Ten simple steps to secure your smartphone
Posted on 7 Sep 2012 at 16:00
Davey Winder separates the reality of smartphone insecurity from the myths
We’ve become a mobile nation. The smartphone has revolutionised personal and corporate communication, with email on the move and social networking wherever we may be. The boundaries between consumer and business use have become so blurred that BYOD (Bring Your Own Device) has become the security buzzword of the year, and you’re as likely to hear talk of “apps” in the boardroom as the living room.
But it isn’t just new words that the smartphone revolution has introduced. It's also a new age of IT security risk. We’re long past the days of mobile security being little more than a sales gimmick for security vendors looking to push unnecessary products: so what are the real risks and what can you do to mitigate against them?
One of the big smartphone security myths that needs to be busted to bits before going any further is that of “my platform is safer than yours” – or, as it has somewhat erroneously been dubbed, the iPhone versus Android debate.
A walled garden doesn’t prevent SMS spam, handset theft, social engineering
"It’s misleading to focus on platform-specific guidance, because this isn’t a game of averages,” says BT’s global head of business continuity, security & governance, Jeff Schmidt. “You don’t accept countermeasures that ‘probably’ work – you enforce policy restrictions against known weaknesses."
This rule of thumb completely destroys the idea that iOS is the safest platform because of the App Store development walled garden; a walled garden doesn’t prevent SMS spam, handset theft, social engineering and so on. Deciding to opt for Apple over Android, or BlackBerry over them both, because it's “safer than the rest” is just creating a false sense of security that will soon come back to bite you. Yes, RIM has some of the best security controls, clearances and standards for smartphone use in the enterprise out there, but that still counts for little if you apply the Schmidt equation above.
The same goes for the argument that the platform with the greatest market share will be the most vulnerable to attack. The truth of the matter is that all platforms have their respective strengths and weaknesses, but ultimately, the weakest link in the smartphone security chain is the user. As Andrew Wild, CSO at Qualys, eloquently puts it, “the security of the smartphone is impacted more by the choices of the user than by the actual smartphone itself."
The main smartphone security threats
PC Pro asked a panel of mobile security experts to explain the most common smartphone security risks you should be looking out for. Not surprisingly, the same threats surfaced again and again.
1. SMS trojans
SMS trojans will often pose as a genuine application, which is why the threat also goes by the name of “rogue applications”; the catch-all of “mobile malware” probably best covers it. You’d have to have been in a coma for the last few years to believe such malware exists only in the research labs of the security vendors.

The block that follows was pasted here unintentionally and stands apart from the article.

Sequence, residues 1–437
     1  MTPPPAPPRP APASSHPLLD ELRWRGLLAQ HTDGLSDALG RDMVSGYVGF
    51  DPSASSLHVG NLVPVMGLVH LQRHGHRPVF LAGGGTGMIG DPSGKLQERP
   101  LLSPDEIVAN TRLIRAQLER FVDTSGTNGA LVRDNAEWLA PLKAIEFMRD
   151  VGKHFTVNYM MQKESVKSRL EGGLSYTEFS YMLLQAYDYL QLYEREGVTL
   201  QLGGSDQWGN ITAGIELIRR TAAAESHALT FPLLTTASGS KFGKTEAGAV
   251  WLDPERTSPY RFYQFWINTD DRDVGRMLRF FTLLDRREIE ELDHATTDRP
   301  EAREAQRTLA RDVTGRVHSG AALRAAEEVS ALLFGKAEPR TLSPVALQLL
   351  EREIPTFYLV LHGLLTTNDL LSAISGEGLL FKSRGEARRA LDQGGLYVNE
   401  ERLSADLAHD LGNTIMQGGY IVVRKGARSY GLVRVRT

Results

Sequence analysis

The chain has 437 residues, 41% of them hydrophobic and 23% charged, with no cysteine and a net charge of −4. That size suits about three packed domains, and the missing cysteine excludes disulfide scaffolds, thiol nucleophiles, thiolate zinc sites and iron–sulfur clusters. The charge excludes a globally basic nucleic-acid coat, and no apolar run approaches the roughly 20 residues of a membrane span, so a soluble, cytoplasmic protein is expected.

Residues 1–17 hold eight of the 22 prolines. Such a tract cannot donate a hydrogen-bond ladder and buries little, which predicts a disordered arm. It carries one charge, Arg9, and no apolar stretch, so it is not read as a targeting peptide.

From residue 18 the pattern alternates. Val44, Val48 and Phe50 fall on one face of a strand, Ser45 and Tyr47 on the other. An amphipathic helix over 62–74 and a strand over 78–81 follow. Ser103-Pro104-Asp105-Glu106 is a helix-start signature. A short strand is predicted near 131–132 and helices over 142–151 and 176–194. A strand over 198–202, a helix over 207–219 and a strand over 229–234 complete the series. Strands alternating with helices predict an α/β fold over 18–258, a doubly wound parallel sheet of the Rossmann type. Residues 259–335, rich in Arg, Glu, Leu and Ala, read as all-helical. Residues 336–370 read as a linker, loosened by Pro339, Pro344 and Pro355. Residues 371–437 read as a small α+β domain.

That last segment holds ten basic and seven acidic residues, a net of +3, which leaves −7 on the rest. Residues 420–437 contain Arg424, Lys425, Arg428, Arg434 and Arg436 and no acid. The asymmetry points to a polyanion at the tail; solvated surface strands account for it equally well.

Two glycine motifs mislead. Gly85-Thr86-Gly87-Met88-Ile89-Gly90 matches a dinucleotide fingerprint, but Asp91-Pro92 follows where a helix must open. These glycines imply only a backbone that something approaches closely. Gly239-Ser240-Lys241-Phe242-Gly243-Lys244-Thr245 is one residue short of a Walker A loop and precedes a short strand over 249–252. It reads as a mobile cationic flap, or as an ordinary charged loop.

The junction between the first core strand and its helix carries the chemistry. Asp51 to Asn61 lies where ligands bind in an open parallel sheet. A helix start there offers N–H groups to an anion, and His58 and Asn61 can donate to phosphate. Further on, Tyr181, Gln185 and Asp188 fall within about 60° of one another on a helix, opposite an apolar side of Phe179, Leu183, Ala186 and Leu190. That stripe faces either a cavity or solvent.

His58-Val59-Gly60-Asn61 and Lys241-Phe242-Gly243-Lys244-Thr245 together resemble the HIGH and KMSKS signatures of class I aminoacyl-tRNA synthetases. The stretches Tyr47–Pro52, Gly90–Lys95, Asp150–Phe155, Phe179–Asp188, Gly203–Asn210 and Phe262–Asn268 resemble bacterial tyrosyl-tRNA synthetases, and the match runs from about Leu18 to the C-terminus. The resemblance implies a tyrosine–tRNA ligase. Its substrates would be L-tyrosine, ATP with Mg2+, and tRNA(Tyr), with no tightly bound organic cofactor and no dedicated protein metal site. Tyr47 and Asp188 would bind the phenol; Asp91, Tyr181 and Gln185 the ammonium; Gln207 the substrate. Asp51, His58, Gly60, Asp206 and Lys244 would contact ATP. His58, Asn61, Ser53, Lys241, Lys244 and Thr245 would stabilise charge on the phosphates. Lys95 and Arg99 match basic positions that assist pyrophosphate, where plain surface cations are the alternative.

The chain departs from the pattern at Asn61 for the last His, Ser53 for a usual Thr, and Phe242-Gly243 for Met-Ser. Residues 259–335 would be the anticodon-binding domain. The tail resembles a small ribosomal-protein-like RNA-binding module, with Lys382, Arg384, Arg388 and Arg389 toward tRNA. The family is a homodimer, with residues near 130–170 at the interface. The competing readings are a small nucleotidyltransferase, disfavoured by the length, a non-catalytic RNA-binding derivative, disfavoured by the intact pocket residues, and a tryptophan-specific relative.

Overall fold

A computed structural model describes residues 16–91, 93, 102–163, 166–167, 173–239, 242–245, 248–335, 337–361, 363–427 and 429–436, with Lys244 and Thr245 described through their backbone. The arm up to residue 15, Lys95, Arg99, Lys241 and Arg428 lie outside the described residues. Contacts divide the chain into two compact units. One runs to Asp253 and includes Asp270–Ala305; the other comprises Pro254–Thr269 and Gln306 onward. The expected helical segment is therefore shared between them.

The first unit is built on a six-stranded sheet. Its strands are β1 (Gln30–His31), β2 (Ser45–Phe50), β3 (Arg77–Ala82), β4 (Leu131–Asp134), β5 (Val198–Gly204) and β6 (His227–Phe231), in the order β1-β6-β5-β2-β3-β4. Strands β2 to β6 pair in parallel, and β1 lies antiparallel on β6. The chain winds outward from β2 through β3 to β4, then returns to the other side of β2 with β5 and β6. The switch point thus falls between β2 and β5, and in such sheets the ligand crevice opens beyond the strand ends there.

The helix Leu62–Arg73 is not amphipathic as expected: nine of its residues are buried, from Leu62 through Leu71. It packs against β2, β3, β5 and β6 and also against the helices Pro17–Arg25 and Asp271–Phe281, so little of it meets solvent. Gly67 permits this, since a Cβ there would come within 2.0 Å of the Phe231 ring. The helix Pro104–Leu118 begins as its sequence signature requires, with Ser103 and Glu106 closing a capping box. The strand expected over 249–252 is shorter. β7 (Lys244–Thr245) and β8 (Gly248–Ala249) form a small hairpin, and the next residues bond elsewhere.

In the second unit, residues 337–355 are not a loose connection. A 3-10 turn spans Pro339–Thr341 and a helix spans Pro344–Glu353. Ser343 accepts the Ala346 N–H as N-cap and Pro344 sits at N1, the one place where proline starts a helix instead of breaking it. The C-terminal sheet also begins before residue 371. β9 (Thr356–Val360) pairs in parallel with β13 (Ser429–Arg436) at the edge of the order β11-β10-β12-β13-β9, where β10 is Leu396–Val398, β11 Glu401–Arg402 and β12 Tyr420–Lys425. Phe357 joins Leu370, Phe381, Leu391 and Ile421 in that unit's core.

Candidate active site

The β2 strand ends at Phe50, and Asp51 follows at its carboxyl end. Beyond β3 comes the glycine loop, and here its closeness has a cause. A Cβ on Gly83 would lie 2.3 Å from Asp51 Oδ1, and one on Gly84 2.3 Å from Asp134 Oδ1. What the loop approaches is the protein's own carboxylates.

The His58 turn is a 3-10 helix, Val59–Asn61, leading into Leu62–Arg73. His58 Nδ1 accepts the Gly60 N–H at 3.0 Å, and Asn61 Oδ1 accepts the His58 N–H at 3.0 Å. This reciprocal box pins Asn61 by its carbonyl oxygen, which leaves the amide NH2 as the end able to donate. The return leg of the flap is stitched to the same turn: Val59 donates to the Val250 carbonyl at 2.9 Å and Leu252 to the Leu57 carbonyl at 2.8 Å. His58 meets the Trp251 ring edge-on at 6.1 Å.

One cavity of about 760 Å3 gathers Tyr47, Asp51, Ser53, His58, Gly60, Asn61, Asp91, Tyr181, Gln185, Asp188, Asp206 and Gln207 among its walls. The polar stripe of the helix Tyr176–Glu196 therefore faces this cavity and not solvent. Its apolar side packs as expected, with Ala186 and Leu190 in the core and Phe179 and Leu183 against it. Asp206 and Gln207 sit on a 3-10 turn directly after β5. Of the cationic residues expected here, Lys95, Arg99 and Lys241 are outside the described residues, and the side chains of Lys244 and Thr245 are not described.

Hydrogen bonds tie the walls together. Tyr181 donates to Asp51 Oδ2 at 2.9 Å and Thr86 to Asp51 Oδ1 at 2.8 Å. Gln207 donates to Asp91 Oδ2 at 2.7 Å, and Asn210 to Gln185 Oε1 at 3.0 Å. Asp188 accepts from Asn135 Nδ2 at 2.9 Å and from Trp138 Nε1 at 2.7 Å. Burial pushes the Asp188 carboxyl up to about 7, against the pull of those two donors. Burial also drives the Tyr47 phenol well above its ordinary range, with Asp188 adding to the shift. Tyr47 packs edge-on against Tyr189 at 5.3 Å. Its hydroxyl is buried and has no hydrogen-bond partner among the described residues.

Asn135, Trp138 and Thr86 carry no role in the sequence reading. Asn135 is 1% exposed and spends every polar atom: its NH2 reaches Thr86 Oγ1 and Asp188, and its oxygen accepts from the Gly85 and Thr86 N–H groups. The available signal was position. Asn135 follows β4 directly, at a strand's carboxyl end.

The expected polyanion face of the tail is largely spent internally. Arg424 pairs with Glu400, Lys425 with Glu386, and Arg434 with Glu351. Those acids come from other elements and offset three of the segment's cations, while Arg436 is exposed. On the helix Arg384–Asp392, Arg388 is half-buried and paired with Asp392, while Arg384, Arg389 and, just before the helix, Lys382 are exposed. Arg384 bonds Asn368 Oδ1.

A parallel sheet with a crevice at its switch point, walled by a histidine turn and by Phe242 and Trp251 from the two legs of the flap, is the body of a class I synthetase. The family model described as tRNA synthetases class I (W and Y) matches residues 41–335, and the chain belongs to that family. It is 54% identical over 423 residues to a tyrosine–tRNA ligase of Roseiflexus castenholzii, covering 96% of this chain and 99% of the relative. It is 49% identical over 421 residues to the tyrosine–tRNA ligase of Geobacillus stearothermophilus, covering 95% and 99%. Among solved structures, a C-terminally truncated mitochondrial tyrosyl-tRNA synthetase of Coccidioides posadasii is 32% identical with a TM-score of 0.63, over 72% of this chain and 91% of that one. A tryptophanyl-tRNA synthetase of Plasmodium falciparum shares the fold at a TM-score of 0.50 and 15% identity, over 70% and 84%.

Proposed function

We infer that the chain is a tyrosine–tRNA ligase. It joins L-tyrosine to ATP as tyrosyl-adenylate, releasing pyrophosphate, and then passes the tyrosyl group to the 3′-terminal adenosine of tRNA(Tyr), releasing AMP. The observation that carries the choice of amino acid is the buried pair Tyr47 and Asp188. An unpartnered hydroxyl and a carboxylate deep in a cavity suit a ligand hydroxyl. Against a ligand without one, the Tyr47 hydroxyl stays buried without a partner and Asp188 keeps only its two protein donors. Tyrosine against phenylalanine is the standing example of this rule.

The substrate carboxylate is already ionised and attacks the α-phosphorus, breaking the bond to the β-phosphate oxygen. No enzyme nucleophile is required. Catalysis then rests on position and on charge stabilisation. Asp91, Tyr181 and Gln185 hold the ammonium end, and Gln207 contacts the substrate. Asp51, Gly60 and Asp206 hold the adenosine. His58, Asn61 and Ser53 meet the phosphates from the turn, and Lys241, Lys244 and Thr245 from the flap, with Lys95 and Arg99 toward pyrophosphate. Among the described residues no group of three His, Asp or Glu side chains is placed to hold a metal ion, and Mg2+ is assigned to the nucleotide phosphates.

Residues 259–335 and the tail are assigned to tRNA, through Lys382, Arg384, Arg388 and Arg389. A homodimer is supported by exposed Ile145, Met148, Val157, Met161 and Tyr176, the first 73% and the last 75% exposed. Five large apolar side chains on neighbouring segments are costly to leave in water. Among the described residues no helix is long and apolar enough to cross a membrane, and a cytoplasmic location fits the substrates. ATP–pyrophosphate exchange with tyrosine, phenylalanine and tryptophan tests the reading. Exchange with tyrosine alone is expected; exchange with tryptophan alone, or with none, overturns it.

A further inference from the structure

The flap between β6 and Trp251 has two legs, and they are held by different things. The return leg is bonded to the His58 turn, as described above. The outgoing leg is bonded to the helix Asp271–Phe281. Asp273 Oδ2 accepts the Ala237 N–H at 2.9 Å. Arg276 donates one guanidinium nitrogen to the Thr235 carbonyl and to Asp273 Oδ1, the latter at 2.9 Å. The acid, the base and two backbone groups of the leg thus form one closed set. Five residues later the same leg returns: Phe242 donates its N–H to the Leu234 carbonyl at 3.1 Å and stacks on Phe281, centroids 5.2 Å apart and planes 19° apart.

David Emm, senior security researcher at Kaspersky Lab, told us of one particular SMS trojan that was distributed on the Android platform. "Foncy was spread via a file-hosting website, advertised as a program for managing SMS messages. This trojan determines the country of the infected device from the SIM card: depending on the region, it selects an appropriate number to which it will silently send SMS messages subscribing to online services. It suppresses any incoming message confirming the subscription. On top of this functionality, however, subsequent versions of Foncy also came bundled with an IRC bot and a root exploit."
2. SMS spam
Probably the biggest growth area when it comes to smartphone risk is that of SMS spam. It’s often thought of as a vehicle for SMS trojan distribution, but is actually a much broader risk than just being a malware channel.
Gareth Maclachlan, co-founder of AdaptiveMobile, was formerly at GCHQ with responsibility for advising the government on new mobile threats. "These unsolicited messages,” he explains, “are designed to trick or coerce users into either unintentionally revealing their personal information, or clicking links that appear to be genuine but are in fact built with the sole purpose of defrauding users. Whether this is through a simple message suggesting you’re owed compensation from a recent accident or missed the delivery of a parcel, or a text message asking to give your bank a call, new SMS scams are being created on a daily basis to exploit users and generate income for the cybercriminals. This could be through the abuse of premium SMS or numbers, or simply by selling on users or the company’s personal information to third parties."
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